February 14, 2013

UMass-Lowell to Add Division I Men's, Women's Lacrosse

Part of jump to America East conference

updated 02.14.2013 at 11.46 a.m.

by Corey McLaughlin | LaxMagazine.com | Twitter

UMass-Lowell chancellor Marty Meehan said the America East is a great fit for the university's athletic and academic programs.
© Gil Talbot/UMass-Lowell

The University of Massachusetts-Lowell is making the move to Division I in all sports starting this fall, will join the America East conference and add men's and women's lacrosse for the 2014-15 academic year, UMass-Lowell athletic director Dana Skinner announced at a press conference Thursday morning.

In an open letter to UMass-Lowell constituents on Thursday night, university chancellor Marty Meehan said the school's athletics programs, which have competed in NCAA Division II since 1975, will join the America East and go Division I on July 1.

"We didn't expect the process to move quite as quickly as it did, but when the opportunity arose in America East, we realized we had found that match," Meehan said.

The school will begin competing in 14 sports in Division I in the 2013-14 academic year, but will not be eligible for postseason play while it completes the four-year NCAA reclassification from Division II to Division I. The River Hawks will be full Division I members of America East in 2017-18.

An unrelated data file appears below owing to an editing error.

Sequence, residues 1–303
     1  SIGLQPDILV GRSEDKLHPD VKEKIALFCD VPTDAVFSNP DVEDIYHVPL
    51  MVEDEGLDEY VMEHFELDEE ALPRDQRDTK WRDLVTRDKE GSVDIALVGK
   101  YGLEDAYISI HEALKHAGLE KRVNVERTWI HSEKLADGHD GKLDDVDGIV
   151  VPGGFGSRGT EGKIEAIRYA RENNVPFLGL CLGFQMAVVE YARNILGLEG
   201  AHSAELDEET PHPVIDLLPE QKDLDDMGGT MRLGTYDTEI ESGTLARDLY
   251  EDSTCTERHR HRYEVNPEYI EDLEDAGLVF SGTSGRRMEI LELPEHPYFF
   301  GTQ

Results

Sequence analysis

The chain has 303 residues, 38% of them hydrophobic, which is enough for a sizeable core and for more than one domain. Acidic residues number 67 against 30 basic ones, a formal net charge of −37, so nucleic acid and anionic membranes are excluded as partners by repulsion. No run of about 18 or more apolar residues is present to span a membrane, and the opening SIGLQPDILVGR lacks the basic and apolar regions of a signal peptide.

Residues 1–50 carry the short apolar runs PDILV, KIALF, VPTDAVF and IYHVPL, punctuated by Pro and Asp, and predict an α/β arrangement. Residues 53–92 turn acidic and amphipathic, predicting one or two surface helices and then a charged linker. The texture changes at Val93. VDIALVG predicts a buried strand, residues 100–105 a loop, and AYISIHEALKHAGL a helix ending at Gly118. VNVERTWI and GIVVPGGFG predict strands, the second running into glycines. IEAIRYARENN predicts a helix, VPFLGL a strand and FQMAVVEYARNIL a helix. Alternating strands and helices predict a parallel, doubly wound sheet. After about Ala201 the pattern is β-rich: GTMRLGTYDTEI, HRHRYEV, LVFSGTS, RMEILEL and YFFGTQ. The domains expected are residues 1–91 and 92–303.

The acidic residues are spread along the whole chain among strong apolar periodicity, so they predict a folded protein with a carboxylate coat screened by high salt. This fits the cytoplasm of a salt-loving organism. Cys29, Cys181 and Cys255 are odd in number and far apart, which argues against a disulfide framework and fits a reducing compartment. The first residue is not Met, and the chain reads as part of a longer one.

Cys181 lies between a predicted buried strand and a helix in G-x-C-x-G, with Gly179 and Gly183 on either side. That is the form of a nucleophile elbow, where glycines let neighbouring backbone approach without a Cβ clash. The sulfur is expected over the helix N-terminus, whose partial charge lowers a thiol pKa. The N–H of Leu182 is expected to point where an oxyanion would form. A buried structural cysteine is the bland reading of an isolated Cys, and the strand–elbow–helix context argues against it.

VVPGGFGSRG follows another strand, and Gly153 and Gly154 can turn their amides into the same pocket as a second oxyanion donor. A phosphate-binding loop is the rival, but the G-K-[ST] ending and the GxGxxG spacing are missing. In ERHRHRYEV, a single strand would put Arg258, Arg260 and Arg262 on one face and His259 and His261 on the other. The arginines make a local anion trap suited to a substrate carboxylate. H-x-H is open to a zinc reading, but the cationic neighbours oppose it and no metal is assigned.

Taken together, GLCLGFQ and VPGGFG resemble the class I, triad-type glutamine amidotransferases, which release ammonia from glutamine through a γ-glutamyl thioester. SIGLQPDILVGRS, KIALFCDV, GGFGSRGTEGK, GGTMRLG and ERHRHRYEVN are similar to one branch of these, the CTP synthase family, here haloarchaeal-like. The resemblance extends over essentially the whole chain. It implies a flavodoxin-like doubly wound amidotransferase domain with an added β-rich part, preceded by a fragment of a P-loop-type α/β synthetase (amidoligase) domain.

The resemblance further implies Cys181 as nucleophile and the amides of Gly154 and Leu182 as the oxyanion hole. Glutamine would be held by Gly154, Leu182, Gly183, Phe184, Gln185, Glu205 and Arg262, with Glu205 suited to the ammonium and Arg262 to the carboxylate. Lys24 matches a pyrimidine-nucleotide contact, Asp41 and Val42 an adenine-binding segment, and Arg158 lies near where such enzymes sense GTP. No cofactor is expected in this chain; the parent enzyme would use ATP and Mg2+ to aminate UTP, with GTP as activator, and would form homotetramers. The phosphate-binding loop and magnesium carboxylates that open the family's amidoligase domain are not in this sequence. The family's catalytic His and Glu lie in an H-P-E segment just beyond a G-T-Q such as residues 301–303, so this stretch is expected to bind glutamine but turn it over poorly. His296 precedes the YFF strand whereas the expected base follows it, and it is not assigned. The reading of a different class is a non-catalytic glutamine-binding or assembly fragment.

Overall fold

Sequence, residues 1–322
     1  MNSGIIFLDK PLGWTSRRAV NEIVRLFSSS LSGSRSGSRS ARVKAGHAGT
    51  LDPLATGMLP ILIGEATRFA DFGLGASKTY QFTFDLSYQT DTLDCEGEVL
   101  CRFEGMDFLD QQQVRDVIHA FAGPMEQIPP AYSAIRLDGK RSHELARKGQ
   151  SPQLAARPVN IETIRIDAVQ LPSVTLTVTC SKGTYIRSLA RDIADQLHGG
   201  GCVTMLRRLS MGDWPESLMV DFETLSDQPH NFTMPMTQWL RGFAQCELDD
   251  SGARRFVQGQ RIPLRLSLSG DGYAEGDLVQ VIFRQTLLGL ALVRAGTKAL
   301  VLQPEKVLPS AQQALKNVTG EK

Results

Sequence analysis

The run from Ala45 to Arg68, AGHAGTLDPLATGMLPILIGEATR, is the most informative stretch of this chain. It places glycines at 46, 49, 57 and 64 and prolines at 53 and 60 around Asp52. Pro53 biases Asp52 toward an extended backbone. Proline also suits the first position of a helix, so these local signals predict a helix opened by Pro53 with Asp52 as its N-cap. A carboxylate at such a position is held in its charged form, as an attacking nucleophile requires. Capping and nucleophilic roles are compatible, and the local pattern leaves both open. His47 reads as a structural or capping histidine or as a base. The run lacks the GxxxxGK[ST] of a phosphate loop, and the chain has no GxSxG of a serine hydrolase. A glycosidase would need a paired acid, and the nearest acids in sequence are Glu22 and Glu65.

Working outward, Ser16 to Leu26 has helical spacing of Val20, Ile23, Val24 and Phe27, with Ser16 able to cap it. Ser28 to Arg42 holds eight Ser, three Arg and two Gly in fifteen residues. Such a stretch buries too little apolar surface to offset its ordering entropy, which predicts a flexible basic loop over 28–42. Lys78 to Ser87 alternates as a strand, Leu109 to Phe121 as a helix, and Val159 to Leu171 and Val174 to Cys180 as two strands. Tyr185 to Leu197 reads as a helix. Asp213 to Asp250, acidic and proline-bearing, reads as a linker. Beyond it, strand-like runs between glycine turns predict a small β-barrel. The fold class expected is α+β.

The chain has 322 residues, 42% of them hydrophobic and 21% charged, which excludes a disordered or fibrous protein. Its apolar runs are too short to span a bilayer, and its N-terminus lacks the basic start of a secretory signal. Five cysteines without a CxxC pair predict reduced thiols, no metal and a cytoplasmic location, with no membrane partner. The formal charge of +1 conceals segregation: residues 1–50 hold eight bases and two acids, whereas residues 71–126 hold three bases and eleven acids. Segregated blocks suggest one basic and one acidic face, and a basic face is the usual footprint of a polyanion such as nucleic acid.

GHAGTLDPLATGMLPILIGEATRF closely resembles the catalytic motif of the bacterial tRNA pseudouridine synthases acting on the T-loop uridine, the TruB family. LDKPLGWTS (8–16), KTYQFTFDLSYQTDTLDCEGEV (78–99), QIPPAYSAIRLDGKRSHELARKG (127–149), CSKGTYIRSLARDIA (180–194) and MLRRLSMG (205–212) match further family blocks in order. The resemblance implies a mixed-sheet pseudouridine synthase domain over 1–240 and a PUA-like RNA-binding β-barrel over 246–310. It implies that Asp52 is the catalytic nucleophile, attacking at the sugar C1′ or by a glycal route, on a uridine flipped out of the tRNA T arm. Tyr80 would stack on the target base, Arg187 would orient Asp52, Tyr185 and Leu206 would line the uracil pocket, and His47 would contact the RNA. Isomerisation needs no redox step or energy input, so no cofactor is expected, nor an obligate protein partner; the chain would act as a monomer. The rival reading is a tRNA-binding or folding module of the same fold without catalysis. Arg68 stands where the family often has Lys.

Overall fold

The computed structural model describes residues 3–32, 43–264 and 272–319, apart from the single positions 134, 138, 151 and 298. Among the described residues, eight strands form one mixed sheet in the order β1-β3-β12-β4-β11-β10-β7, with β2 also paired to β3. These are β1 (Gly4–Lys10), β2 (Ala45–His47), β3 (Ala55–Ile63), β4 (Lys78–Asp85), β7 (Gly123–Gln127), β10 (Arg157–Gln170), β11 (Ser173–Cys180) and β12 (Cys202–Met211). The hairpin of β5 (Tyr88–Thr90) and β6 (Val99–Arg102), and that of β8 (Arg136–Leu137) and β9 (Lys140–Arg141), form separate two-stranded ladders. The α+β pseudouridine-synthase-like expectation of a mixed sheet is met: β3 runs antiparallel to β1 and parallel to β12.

Current America East members in lacrosse are Albany (men and women), Binghamton (men and women), UMBC (men and women), Stony Brook (men and women), Vermont (men and women), Hartford (men), New Hampshire (women) and Boston University (women), although BU, which has added men's lacrosse, will leave the America East for the Patriot League on July 1.

"At many universities, Division I athletics is the front porch of the institution. Whether that's right, wrong, fair, or unfair, it's the way people view an institution," Skinner told the Boston Globe. "Their first image of an institution, in a lot of ways, is what happens with their intercollegiate athletic program. That's the world we live in, and we want to take full advantage and make sure our best foot is forward.

"This is a new era, obviously, for athletics, but for the institution and the region it's very important," Skinner said. "Division I athletics can position our university, regionally and nationally, in a way that I'm not sure we could otherwise. It's one of those transformational moments."

With the exception of its men's ice hockey team, UMass-Lowell has competed as a NCAA Division II member and a member of the Northeast-10 Conference since 2000.

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